By Derrick Miller
Caribbean News Now, Grand Cayman, Cayman Islands.
There are several definitions of domestic violence. Here is the simplest one: “If it feels wrong, it is.”
One legal definition of domestic violence: It consists of acts committed in the context of an adult intimate relationship. It is a continuance of aggressive and controlling behaviours, including physical, sexual, emotional and psychological attacks, that one intimate partner does to another.
Historically, many studies have shown that a “wife” was the property of a husband, and he has the right to carry out whatever behaviour to keep her in line.
Experts have also noted that laws fail to adequately protect the victims of domestic violence. Since the 1980, many policies have been amended and have given women constitutional rights to safety and equally protection, but the struggle continues.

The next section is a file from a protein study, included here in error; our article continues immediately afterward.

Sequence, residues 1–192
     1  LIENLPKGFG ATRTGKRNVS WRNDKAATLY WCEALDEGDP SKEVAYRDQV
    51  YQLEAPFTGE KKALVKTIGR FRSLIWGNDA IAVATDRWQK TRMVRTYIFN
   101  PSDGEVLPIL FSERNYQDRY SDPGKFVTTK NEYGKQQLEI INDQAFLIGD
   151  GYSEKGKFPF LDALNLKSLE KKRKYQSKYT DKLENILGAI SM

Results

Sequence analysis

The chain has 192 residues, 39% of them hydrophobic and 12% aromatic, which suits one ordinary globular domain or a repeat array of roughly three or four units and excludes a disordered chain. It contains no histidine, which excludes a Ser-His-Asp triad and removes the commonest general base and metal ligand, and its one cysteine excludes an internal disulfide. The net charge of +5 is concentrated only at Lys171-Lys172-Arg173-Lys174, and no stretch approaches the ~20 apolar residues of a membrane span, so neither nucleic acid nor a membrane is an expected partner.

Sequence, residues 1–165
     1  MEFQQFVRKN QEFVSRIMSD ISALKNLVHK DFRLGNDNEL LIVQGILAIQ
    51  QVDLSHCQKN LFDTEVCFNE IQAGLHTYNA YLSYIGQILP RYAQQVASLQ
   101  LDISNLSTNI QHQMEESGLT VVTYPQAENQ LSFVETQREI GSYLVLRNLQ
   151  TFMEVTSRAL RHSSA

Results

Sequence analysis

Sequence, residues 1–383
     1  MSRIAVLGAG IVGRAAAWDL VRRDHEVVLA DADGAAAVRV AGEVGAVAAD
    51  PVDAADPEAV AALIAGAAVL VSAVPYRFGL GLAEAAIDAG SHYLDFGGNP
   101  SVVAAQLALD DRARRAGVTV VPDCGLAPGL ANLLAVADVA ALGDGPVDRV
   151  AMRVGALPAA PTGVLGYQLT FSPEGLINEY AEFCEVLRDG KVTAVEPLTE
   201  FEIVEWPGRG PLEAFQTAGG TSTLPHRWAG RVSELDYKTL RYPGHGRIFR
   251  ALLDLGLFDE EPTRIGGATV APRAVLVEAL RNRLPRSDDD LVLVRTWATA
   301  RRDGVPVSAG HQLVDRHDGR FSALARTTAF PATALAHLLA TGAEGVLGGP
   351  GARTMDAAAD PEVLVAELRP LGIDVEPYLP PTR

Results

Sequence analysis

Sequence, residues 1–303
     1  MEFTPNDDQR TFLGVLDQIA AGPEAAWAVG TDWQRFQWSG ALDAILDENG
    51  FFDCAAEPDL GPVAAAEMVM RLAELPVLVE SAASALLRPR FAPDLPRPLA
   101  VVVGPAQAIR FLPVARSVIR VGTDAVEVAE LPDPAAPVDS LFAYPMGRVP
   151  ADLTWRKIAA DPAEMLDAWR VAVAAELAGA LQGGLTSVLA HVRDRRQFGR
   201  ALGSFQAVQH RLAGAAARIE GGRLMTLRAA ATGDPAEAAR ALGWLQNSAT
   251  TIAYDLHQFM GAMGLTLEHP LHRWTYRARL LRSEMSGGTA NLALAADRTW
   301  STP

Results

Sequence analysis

One of the problems is that it is often seen and described as the tolerant cultural traits and a taboo, where guilt and shame makes it difficult for victims to come forward.
What is the colour of domestic violence? Often the media only cover domestic violence when a rich and famous individual is abused, arrested or killed.
What has happened to poor individuals’ cases? Domestic violence seems to be green. Today, thanks to cameras, tapes are bringing all faces of victims and perpetrators of domestic violence from behind closed doors.
September 8, 2014, reminded us that domestic violence is still a cancer when the Ray Rice, a National Football League (NFL) player, video came out.
We saw his fiancee knocked out unconscious in an elevator and being dragged out like a piece of luggage.
Within hours, the OJ Simpson 1995 double murder case in which he was acquitted emerged on almost every news lead-in. This was not co-incidental; OJ’s name generates ratings and a platform that often divides. Most importantly, his case has created more awareness calls to domestic violence centers since.